The dwarves had developed their own language and alphabet long before humans Alagaësia. The humans were illiterate, which must have made reading maps difficult and is perhaps why they landed up in Alagaësia - their ships were out for a cruise and ended up sailing into open sea instead of back to their homeland, because the captain couldn't read the navigational charts. However, soon after arriving in Alagaësia and meeting with the dwarves, the humans began using the dwarves' runic alphabet and even adopted some of their words, like "father" from the dwarven word "farthen" (probably to the relief of all the unnamed human male parents).
1. Descriptions are placed before the object they describe. Example: "Az egraz knurlag" means "a strong man", and literally translates as "a strong man". 2. Unlike in English, descriptions can be placed in any order following the object. Example: "Az carkna cesti borith" (a great, holy chief) can also be rendered as "az cesti carkna borith" (a holy, great chief). 3. Aside from questions, The structure of a sentence in the dwarf language is usually the same as it would be in English. Example: "Knurlag dorzada az mérna" would literally translate as "he loves the pool". No restructuring of the sentence was required. 4. Questions are ordered subject, verb, object. Example: "Jok oc fild?" means "who are you?", but literally translates as "you are who?" in English.
car-: changes verbs into nouns of action. For example, "ignh" (bring) becomes "carignh" (bringer). en-: turns adjectives into their superlative forms. For example, "egraz" (bald) becomes "enegraz" (baldest). men-: gives words the opposite meaning. For example, "alfrell" (kind) becomes "menalfrell" (unkind). q-: changes words to past tense. For example, "is" (do) becomes "qis" (did). If the "q" interferes with the word's pronunciation, it replaces the interfering consonents at the beginning of the word. For example, "zeitmen" (honour) becomes "qeitmen" (honoured). strâdd-: changes present simple verbs into present participles. For example, "smer" (serve) becomes "strâddsmer" (serving). vol-: changes words into having endless or eternal properties. For example, "brâgha" (danger) becomes "volbrâgha" (eternal danger). It also acts as "all" or "every" for a word. For example, "sartos" (family) becomes "volsartos" (every family).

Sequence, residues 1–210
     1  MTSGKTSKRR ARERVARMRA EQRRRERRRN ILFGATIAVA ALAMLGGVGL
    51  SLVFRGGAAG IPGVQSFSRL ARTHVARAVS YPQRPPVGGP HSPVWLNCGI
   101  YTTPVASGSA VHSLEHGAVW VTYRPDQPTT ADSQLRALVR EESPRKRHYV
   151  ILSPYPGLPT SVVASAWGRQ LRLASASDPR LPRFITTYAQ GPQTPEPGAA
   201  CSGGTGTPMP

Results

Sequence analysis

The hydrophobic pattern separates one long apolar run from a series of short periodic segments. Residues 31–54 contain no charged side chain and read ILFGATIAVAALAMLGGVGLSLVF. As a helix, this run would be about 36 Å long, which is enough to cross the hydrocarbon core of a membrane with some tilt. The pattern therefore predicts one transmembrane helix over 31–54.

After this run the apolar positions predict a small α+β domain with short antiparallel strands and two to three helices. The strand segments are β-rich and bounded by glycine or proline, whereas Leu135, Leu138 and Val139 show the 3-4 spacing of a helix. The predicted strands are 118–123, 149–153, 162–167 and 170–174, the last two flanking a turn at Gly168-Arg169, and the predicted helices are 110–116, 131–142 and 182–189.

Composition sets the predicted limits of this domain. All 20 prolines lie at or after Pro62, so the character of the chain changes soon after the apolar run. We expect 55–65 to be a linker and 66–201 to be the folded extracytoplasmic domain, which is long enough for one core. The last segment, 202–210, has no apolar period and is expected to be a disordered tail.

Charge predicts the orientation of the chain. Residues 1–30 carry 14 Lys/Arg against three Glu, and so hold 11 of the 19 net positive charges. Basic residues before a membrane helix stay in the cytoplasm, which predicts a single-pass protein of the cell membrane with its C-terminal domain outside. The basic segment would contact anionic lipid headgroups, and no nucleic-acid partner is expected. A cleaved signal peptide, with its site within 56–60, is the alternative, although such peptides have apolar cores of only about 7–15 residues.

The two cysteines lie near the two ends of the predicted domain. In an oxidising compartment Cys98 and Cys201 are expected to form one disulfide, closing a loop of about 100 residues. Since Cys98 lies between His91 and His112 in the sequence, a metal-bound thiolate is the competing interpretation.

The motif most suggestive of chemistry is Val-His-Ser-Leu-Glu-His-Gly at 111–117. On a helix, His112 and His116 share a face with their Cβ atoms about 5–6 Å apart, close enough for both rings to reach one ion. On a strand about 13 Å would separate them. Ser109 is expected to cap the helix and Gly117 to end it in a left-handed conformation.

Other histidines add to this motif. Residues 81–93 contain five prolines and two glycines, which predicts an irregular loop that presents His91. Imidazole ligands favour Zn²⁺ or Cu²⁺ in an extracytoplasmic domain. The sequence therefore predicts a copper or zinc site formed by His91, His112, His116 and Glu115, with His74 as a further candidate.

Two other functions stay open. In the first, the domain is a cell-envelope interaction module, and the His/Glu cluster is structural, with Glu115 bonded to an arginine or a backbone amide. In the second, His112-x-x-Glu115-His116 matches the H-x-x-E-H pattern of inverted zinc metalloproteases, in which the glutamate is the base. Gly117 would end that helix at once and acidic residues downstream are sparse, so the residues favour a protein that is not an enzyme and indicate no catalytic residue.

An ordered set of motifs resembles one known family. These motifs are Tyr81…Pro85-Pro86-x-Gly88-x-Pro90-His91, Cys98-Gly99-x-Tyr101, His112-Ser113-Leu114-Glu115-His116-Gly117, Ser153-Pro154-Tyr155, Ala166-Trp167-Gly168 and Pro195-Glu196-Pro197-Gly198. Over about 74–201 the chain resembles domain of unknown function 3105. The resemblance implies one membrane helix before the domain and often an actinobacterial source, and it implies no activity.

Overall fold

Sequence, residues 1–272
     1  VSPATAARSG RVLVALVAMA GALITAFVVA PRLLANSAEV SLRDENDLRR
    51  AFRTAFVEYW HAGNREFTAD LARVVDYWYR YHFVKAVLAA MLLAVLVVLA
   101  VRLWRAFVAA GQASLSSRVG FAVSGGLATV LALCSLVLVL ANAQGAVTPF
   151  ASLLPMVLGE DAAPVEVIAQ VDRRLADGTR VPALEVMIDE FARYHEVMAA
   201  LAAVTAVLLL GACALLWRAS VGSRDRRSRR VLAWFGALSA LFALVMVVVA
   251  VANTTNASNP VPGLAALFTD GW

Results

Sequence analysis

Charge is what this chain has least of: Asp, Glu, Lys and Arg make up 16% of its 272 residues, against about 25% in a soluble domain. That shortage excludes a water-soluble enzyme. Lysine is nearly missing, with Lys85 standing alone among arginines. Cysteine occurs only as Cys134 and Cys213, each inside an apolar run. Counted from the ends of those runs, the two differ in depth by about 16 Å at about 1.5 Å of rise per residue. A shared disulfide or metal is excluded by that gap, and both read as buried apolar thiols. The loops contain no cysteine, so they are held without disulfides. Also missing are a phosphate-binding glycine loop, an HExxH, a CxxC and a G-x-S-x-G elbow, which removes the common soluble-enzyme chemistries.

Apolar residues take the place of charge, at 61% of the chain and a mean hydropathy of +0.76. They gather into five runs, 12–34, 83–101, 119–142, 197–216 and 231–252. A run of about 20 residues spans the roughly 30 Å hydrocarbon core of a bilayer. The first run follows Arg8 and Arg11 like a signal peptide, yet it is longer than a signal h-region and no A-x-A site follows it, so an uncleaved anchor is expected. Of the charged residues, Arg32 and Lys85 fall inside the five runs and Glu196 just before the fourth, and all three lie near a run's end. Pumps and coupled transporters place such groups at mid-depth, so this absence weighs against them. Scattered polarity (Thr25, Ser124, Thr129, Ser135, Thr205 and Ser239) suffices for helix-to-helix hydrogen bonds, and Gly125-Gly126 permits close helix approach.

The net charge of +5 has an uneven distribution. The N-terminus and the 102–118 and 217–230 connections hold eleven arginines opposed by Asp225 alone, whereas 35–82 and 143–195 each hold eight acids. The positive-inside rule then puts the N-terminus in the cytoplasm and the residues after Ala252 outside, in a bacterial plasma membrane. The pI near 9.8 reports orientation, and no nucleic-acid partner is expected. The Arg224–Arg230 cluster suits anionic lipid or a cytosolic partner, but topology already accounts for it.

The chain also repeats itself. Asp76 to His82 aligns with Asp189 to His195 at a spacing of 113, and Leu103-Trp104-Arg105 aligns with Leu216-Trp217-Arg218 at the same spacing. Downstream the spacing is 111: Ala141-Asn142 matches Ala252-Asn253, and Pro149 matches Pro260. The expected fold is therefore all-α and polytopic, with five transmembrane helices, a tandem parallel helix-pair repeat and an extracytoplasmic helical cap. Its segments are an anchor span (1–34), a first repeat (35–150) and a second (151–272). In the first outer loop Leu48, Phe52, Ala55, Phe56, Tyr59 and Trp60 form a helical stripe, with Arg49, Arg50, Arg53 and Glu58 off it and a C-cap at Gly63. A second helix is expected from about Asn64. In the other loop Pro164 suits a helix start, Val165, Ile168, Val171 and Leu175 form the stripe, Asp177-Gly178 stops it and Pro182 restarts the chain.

-a: gives a word a membership or nationality connotation. For example, "ingeitum" (smiths) becomes "ingeituma" (of the smiths). -egûr: turns verbs into nouns. For example, "barzûl" (to curse) becomes "barzûlegûr" (a curse). -n: pluralises nouns. For example, "borith" (chief) becomes "borithn" (chiefs). -z: makes nouns possessive. For example, "jurgen" (dragon) becomes "jurgenz" (dragon's).
also: wharn and: oen are: oc by: vor do: is does: strâddis for: akh has: nos in: bahst is: ana let: os may: jordn no: eta of: rak the: az then: azt there: nithgech this: formv want: frekk was: qana what: hert who: fild yes: oeí
he: knurlag him: knurlag it: ilf our: dûr them: knurlar we: né you: joc